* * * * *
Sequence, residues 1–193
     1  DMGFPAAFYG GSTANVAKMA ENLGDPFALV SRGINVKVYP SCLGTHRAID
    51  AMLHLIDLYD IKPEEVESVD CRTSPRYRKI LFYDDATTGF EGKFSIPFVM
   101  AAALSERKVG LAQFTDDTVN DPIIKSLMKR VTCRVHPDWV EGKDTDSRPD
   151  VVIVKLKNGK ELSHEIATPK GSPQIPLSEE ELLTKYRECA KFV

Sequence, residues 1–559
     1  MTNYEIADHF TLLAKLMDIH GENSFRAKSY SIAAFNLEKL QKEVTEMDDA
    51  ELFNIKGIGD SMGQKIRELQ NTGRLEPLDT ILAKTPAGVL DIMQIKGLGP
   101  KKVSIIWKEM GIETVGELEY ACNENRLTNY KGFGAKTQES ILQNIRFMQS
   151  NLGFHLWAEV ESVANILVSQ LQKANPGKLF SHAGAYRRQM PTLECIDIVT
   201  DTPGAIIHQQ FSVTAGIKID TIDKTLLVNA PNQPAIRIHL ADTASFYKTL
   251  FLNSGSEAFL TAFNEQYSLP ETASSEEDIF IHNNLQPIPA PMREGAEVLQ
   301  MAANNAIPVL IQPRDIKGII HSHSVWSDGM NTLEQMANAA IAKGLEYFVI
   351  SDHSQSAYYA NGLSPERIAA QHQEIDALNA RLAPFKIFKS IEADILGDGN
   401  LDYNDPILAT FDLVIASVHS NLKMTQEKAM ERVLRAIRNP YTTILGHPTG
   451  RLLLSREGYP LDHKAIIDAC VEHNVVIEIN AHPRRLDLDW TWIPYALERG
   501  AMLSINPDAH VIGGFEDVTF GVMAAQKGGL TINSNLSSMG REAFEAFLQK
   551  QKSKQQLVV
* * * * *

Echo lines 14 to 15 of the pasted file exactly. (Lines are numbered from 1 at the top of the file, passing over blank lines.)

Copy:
   351  SDHSQSAYYA NGLSPERIAA QHQEIDALNA RLAPFKIFKS IEADILGDGN
   401  LDYNDPILAT FDLVIASVHS NLKMTQEKAM ERVLRAIRNP YTTILGHPTG